FacultyFaculty/Author Profile
Carol E. Dinkins

Carol E. Dinkins

Vinson & Elkins LLP

Houston, TX, USA

Carol E. Dinkins is a partner with Vinson & Elkins, where she chairs the environmental practice and is a former member of the Firm’s Management Committee (1990-96). She received her baccalaureate degree in 1968 from The University of Texas at Austin, and her law degree in 1971 from the University of Houston Law Center. Ms. Dinkins joined Vinson & Elkins in 1973 and was admitted to the partnership in 1980. In 1981 she was appointed Assistant Attorney General in charge of the Environment and Natural Resources Division in the U.S. Department of Justice. While Assistant Attorney General, Ms. Dinkins supervised the government’s litigation in federal environmental, natural resources, and public lands matters. During her tenure, the Division implemented the Comprehensive Environmental Response, Compensation, and Liability Act (also known as Superfund) and created the Environmental Crimes Section. In 1984 she was appointed Deputy Attorney General of the United States, the second-ranking official in the Department of Justice, responsible for the day-to-day management of its 60,000+ employees. At various times during her tenure as Deputy Attorney General, she served as Acting Attorney General of the United States, participating in Cabinet and other meetings with the President. She rejoined the Firm in April 1985. From 2006 – 2008, Ms. Dinkins chaired, by appointment of President Bush with Senate confirmation, the Privacy and Civil Liberties Oversight Board, which was created by the Intelligence Reform Act amendments of 2004, and which resided in the White House Executive Office of the President. She has served in three other positions of Presidential appointment with Senate confirmation and has chaired one Presidential and three Gubernatorial task forces.

Ms. Dinkins served as an officer of and briefly chaired the Board of Directors of The Nature Conservancy, a leading international conservation organization. Previously, she chaired the Texas Chapter Board for three years. In 1997, Governor George W. Bush appointed her to the Texas Parks and Wildlife Commission, of which she served as Vice Chair, and in 2000 as Chair of the Governor’s Task Force on Conservation. She served on the Executive Committee of the ABA Board of Governors and is past Chair of the ABA Sections on Environment, Energy and Resources Law and State and Local Government Law. She served 14 years in the ABA House of Delegates and chaired the Board of Editors of the ABA Journal and the ABA Standing Committee on Federal Judiciary, which rates all nominees for Article III courts. She is past President of the American College of Environmental Lawyers.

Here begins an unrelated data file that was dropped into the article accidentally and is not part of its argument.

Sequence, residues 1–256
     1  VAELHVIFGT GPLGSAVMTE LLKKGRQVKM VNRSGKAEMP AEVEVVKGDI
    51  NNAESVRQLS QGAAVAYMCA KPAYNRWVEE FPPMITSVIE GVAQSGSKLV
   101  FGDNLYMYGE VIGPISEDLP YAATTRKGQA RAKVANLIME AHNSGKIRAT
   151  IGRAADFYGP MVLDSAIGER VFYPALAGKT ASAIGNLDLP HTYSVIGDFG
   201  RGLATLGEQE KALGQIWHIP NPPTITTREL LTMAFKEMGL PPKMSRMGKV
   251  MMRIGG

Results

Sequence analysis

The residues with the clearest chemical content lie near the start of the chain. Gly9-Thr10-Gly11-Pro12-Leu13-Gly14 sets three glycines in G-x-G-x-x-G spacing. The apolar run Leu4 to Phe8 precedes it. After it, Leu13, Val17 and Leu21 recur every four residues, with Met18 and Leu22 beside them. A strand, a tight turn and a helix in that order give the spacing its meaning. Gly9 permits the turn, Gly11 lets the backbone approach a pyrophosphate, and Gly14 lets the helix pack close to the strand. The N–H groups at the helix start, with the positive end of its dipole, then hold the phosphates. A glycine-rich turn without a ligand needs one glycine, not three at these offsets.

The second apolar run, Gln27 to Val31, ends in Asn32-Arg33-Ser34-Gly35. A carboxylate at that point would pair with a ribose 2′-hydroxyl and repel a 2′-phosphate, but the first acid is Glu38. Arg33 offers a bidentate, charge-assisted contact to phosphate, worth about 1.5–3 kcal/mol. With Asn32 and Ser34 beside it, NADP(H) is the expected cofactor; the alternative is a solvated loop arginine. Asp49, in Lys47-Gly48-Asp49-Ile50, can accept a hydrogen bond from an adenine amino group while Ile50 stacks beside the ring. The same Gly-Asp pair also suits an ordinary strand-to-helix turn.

In her practice, Ms. Dinkins represents clients in administrative proceedings before various federal agencies and in state and federal litigation. She has obtained requisite governmental approvals of major new facilities as well as defended challenges under NEPA, the Endangered Species Act, the Historic Preservation Act, the Clean Air Act, and the Clean Water Act to construction of such projects for clients including industries, developers, and governmental entities. She has negotiated consent decrees and administrative consent orders under CERCLA, RCRA, TSCA, the Clean Water Act, and the Clean Air Act, conducted internal inquiries and represented clients in criminal investigations, pleas, sentencing, probation and debarment matters. She advises clients on corporate environmental policy and compliance.

In 1982, Ms. Dinkins was a delegate to the Japanese-American Environmental Conference in Osaka, Japan. In 1985, she participated in the first Anglo-American Successor Generation Program at Oxford, England, organized by Johns Hopkins School of Advanced International Studies. In 1986 she was the Distinguished Environmental Visiting Lecturer at the University of Colorado College of Law. From 1993 to 1995 Ms. Dinkins chaired the committee that selects Rhodes Scholars to represent the Southeastern United States. She has chaired the planning committees of and moderated various programs and serves on the faculty of the ALI/ABA Annual Course of Study on Environmental Litigation. She is a frequent lecturer on environmental law, co-author of a book on environmental crimes, and has published numerous articles.

In 1999, the ABA Commission on Women in the Profession presented Ms. Dinkins the Margaret Brent Award for Women Lawyers of Achievement. Earlier that year, the National Law Journal recognized her as one of the nation’s fifty most influential women lawyers. The International Who’s Who of Business Lawyers (2005 Edition) dentifies her among the top 18 environmental lawyers worldwide. Ms. Dinkins was named YWCA Outstanding Houston Woman of the Year for Business in 1989, and in 1984 outstanding alumnus of the University of Houston Law Center. The National Law Journal in 1990 recognized her as one of the nation’s leading practitioners of environmental law and in 1982 The American Lawyer named her the best Justice Department litigating division chief to serve under U.S. Attorney General William French Smith. The Houston City Magazine in 1982 named her one of Houston’s 20 most powerful women. She was featured in the June 1994 issue of International Corporate Law. In May of 2000, because of her volunteer activities on behalf of conservation, Ms. Dinkins was recognized during the nationally-televised Wonders of Wildlife: A Concert for Conservation, with Kenny Rogers presenting her the award for Outstanding Outdoors Woman of 2000, the first time presented. That October, Ms. Dinkins was inducted into the Texas Women’s Hall of Fame for her government service and conservation work.

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